– Andy aka
    Nov 18, 2021 at 21:54

To abstract this out a bit, your question becomes "what can I put in the mystery box in the schematic below". You can probably put long wires in there -- but it's just not good practice to do so.


simulate this circuit – Schematic created using CircuitLab

An alternative approach is to protect your MOSFET (the switch in my schematic here) with a zener diode. This requires that you size the zener diode to match the supply voltage used (you usually pick a Zener voltage twice the supply voltage) and that your transistor is rated for a greater \$V_{DS_{max}}\$ than the zener voltage.

On the positive side, all of your protection is local to the FET, and because the reverse coil voltage is equal to the supply voltage instead of one diode drop, the coil will lose its magnetism faster and the solenoid will release faster.


simulate this circuit


While it is plain true that noise shall be quenched close to their source, there's a very common misconception on what is the most offending magnetic source in case of relay driving.

It is mostly believed that relay inductance is the "bad guy" down there and hence flywheel diode is to be placed close to relay. Unfortunately this is not true and the circuits tells a different story.

The coupling

There can basically be two different ways to have the noise magnetically coupled to one receptor circuit. A common connection shared or mutual inductance between offender and receptor. Couplings In both cases noise voltage is proportional to current derivative \$ \frac{\mathrm{d}i}{\mathrm{dt}}\$.

The coefficent is self inductance L in the first case, mutual one M in the second. Their are both correlated to the circuit physical dimensions, the smaller the lower. enter image description here So recapping it is best to have both:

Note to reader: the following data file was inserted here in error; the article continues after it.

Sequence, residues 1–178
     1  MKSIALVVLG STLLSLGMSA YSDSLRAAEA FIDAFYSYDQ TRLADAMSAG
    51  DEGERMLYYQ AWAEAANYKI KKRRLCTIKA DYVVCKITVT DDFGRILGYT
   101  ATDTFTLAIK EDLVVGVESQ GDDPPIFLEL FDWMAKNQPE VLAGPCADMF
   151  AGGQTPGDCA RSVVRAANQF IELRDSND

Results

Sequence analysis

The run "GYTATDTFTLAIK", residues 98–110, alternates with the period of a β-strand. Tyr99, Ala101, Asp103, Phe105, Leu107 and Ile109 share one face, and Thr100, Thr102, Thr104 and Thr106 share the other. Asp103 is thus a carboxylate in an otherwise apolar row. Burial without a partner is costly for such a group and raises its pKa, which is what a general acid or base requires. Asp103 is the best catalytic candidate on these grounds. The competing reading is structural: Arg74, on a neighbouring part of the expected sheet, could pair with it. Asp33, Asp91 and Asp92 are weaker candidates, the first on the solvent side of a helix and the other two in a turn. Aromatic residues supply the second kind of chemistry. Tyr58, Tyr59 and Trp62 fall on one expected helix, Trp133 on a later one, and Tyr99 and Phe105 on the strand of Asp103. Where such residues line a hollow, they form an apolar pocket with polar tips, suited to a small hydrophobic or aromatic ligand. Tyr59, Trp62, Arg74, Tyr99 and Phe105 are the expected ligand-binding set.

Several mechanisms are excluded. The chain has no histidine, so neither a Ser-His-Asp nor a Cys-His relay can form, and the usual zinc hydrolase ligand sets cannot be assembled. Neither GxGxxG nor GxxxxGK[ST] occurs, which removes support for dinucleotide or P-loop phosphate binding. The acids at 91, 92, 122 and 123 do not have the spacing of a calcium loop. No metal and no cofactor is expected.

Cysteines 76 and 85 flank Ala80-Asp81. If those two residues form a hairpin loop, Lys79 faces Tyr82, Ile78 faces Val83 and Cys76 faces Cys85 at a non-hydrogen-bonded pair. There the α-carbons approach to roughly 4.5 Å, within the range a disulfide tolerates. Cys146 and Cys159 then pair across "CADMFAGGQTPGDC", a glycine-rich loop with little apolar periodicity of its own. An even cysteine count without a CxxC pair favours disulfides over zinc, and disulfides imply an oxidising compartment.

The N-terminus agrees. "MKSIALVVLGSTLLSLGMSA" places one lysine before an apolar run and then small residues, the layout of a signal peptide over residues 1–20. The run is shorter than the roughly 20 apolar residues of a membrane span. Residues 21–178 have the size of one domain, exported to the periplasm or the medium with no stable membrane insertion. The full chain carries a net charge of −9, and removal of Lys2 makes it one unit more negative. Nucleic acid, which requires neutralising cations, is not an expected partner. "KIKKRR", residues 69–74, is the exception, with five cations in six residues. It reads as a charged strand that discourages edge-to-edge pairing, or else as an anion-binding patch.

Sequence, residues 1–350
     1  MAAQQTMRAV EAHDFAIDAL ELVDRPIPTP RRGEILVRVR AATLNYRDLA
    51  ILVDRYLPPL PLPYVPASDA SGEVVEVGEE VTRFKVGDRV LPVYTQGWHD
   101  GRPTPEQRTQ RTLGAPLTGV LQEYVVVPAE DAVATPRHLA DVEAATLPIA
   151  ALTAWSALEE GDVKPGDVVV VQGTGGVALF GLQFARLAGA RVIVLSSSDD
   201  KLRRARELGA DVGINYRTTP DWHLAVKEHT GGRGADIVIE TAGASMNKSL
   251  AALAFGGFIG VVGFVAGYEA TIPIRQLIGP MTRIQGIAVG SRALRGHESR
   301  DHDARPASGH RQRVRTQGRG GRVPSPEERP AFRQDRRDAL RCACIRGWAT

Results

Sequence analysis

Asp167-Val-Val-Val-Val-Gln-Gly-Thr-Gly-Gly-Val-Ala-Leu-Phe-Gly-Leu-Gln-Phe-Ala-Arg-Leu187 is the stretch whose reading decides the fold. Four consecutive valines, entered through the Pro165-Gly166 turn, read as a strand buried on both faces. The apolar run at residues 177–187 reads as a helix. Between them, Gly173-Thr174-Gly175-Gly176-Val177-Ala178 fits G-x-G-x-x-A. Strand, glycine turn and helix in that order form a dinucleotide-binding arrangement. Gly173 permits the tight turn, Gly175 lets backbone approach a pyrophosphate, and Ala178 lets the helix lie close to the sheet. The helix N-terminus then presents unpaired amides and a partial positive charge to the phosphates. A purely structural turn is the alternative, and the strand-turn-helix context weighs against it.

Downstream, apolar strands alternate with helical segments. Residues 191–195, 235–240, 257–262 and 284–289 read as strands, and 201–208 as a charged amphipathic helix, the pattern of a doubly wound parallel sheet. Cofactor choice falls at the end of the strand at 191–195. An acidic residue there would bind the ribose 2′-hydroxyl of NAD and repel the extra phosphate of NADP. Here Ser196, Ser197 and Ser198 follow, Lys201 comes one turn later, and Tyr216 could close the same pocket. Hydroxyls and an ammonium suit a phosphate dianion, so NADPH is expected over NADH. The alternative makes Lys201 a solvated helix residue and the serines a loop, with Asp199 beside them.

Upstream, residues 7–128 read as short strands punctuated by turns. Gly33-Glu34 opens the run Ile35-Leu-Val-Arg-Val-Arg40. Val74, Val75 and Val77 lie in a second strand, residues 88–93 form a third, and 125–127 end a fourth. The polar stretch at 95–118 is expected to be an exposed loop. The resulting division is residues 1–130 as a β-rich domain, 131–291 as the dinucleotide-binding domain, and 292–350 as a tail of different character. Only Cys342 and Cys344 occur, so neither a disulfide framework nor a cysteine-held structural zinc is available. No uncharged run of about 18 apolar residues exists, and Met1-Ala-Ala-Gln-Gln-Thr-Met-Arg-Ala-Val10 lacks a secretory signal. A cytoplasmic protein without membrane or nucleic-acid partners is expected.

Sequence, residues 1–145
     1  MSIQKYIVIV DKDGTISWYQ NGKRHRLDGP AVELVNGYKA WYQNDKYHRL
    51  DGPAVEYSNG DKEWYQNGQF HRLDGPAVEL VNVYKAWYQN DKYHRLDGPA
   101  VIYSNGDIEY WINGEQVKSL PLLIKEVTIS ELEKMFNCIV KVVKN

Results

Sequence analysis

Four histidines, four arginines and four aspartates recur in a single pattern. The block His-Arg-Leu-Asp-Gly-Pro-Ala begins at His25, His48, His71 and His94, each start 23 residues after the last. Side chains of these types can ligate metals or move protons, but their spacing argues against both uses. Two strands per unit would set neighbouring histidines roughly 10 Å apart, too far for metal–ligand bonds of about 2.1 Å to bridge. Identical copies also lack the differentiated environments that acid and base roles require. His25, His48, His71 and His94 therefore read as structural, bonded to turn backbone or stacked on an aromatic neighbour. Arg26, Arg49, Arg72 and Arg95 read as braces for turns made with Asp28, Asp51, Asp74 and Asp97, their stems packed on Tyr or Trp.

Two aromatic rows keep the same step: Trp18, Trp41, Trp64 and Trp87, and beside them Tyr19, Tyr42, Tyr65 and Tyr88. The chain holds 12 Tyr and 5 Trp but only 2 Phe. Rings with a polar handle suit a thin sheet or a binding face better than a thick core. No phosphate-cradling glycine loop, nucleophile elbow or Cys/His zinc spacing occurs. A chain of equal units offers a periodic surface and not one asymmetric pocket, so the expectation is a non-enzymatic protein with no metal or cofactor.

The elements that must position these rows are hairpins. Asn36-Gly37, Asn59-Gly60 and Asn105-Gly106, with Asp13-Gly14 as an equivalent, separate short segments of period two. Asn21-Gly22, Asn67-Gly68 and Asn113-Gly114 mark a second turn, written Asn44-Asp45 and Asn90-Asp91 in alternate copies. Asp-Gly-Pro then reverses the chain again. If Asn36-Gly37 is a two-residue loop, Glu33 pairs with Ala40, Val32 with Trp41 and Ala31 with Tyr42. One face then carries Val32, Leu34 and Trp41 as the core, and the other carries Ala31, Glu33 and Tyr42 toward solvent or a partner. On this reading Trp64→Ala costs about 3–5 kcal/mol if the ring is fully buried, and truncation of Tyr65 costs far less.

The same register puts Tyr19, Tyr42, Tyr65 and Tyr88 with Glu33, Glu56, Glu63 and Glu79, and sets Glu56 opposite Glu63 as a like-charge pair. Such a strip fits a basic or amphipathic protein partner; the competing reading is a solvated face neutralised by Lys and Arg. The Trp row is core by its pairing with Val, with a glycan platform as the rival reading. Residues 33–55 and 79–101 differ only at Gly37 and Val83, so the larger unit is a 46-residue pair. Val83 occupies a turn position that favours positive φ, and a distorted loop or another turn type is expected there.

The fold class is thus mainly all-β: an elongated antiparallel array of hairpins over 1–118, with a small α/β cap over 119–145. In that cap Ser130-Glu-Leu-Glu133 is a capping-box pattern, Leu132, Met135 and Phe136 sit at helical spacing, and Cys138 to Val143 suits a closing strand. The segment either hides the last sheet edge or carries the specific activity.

• small L and M and hence small circuits
  • low \$ \frac{\mathrm{d}i}{\mathrm{dt}}\$

as their product rules the induced noise.

Relay driving

When we come to analyze relay driving at turn-off we can look at the two mesh currents depicted below, the switch current and the relay one. enter image description here We can see that switch current is basically ruled by the device (BJT, MOS or integrated driver) turn-off behaviour. This can be found or ballparked from datasheets but it usually spans in the microseconds order of magnitude.

On the other hand relay current is ruled by its L/R time constant. This is harder to find in datasheets but is somehow releated to the published release time, at any rate it is usually well in the millisecond range.

It is now clear that the most offending mesh is the faster one, the blue switch current is around one thousand faster and such is the ratio between induced noises for a given coupling coeffcient. This is the one to be made physically smaller to reduce the induced noise.

It now comes easy that the blue mesh above includes the Vcc power supply too and that's a part of the problem too. Now it comes the role of supply decoupling capacitors. enter image description here


So, it is indeed true that noise should be stopped close its source but in this case the bad boy is not the relay inductance that by its nature tends to smooth the current. One should instead look at the switch that is very often optimized to be fast.

  • \$\begingroup\$ Noise isn't even close to what the problem is here, though--the problem is driving the switch into avalanche due to the inductive voltage spike when the switch turns off. Some switches have an avalanche rating and can be used without a freewheeling diode when you stay below that avalanche rating, but many switches aren't intended to be used like this, and driving them into avalanche will probably damage them. I'm not sure where you got the idea that this is about noise. \$\endgroup\$
    – Hearth
    Nov 20, 2021 at 15:33
  • \$\begingroup\$ ?? Both close to switch and close to relay fully address the avalanche issue (with slight differences). In any case the original question is exactly about freewheeling diode physical location. \$\endgroup\$
    – carloc
    Nov 20, 2021 at 18:24